While in the Milwaukee area, I had a conversation with a very concerned Catholic about the mission of evangelization. (Fittingly enough, of course, it was Mission Sunday yesterday.) The good man was under the impression that once Catholics came to hold that people could be saved without being baptized Catholics, there was no real reason for anyone to dedicate their lives to announcing the Gospel. In other words, the only thing that could possibly motivate missionaries was anxiety about people's eternal salvation.
I have to admit that what we read in some of the saints' writings could support an impression like that. But what else do we find in those same writings? For one thing, an exuberant love of God: loving God that way, how could they bear the thought of such a good God not being known and loved personally? St. Frances Cabrini used to exclaim to her sisters, "Love is not loved!" So for her, God's sheer goodness was a motivation for evangelization. (Mother Cabrini founded a missionary congregation, so the link is pretty explicit.)
Other missionary motivations include the realization of just how much can be missing in the lives of people who have not heard the Gospel, especially when those people are poor or suffering. In this case, it is an exuberant love of neighbor that motivates evangelization. (Stephen Lawhead's novel "Byzantium" has a hint of this toward the end when a character who has lost everything but gained Christian faith exclaims how much it means to him that God knows personally what it is to suffer.)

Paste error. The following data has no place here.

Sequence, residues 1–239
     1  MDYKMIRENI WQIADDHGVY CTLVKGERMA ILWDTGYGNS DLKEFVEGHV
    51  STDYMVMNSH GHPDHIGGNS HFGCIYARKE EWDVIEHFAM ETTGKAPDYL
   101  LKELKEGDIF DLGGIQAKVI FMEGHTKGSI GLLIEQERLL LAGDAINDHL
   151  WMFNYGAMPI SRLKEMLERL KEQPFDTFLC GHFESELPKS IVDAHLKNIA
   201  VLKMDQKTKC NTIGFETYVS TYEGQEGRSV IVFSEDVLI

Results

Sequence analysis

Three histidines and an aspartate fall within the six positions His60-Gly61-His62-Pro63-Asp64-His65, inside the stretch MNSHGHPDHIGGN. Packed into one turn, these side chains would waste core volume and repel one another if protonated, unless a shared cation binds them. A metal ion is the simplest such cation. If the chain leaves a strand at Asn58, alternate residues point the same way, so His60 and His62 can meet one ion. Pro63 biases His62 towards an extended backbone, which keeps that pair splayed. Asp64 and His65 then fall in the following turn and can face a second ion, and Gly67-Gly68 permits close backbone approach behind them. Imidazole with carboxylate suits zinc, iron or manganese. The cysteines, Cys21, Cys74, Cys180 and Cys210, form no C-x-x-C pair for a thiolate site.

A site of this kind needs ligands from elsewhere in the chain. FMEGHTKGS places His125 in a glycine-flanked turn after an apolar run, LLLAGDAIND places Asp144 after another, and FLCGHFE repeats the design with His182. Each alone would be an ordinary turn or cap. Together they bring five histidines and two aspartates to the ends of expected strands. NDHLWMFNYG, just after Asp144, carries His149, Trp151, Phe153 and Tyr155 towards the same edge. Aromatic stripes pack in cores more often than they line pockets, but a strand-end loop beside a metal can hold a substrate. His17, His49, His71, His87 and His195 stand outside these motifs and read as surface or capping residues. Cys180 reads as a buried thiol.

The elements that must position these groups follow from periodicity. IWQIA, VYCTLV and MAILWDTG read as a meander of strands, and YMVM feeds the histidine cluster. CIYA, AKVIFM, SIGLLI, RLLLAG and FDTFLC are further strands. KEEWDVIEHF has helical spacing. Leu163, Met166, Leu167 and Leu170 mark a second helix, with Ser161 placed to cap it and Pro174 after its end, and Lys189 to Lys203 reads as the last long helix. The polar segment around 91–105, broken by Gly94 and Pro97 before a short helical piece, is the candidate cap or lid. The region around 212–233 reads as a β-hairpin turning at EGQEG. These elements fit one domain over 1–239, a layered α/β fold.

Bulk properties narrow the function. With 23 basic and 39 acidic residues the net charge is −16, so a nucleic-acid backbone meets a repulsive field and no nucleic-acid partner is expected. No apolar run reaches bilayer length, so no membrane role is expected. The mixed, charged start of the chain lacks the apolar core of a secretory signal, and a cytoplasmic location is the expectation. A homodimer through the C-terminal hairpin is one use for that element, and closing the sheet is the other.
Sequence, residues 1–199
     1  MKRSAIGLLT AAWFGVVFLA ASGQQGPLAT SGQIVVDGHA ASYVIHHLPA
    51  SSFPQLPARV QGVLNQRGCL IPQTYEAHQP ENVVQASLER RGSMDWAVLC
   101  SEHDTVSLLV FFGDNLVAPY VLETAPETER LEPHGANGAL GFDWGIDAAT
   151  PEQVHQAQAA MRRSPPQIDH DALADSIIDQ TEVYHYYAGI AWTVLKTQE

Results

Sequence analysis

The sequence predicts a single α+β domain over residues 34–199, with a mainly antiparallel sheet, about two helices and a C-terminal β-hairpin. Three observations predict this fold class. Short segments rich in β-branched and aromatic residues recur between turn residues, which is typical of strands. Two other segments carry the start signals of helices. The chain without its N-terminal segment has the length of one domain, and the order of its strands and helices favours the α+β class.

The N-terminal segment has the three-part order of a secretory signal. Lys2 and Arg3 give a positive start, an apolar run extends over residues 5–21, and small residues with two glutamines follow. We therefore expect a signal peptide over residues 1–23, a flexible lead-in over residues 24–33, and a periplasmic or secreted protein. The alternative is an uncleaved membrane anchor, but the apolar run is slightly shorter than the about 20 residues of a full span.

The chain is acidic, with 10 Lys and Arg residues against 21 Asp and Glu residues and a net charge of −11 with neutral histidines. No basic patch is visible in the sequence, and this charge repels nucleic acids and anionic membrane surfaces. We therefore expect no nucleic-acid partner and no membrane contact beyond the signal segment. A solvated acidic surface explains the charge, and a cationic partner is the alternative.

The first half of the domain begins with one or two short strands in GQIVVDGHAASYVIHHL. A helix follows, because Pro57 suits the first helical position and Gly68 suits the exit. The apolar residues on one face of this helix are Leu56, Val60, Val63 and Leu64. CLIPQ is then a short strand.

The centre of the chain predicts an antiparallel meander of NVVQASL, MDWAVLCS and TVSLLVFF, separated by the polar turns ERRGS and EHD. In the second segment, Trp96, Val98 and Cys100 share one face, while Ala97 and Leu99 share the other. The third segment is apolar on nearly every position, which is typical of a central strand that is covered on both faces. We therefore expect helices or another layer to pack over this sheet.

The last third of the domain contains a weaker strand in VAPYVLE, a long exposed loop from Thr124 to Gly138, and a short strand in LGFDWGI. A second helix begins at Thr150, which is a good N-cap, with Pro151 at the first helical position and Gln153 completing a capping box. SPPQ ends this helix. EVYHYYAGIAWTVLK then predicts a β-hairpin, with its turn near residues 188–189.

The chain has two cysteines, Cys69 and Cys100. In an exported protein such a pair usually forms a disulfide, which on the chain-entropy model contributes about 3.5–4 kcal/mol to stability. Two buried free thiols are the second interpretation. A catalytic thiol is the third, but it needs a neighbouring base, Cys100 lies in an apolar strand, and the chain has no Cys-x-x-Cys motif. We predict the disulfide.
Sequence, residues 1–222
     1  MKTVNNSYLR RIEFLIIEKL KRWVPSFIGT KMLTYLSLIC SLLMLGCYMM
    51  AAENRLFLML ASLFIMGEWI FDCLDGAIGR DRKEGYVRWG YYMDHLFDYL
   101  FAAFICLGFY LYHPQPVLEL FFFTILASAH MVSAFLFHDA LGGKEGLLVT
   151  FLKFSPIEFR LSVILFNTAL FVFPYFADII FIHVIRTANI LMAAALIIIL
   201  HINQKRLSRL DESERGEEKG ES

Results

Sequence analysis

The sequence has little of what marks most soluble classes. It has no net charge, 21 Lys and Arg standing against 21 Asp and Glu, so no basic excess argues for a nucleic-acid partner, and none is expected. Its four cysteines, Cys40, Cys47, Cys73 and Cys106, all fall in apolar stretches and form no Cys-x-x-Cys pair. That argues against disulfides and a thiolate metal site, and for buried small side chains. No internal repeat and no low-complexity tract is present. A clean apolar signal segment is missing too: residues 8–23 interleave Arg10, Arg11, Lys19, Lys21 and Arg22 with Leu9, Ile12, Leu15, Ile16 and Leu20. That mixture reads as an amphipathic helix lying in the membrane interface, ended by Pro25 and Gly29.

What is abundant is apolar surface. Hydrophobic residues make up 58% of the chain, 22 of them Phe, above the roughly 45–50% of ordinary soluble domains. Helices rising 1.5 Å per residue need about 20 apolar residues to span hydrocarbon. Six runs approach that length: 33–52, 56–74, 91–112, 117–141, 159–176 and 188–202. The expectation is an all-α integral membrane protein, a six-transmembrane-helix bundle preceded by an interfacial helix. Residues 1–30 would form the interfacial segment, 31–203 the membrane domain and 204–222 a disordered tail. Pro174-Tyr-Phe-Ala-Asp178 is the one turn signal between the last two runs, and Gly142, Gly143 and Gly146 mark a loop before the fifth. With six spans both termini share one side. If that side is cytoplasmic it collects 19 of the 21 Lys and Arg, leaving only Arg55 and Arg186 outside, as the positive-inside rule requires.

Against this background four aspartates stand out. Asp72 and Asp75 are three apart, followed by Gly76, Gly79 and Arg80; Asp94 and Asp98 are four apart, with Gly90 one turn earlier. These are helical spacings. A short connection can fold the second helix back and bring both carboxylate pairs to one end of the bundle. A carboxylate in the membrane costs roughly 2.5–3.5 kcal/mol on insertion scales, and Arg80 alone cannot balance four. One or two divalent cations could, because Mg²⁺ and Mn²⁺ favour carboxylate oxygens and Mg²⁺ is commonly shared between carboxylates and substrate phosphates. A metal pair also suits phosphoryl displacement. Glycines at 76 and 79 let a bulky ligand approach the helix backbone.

And there is a further missionary motivation that does not depend on people being surely damned without the Gospel: people may indeed be saved through God's grace (which has always operated beyond any control of ours!), but Christian faith and the sacraments can help them to avoid or overcome temptations and sin that they may otherwise succumb to easily, and support them in becoming holier, more like Christ, than might otherwise be possible.
So there are plenty of reasons to proclaim the Gospel, even if people "could" be saved without explicit Christian faith.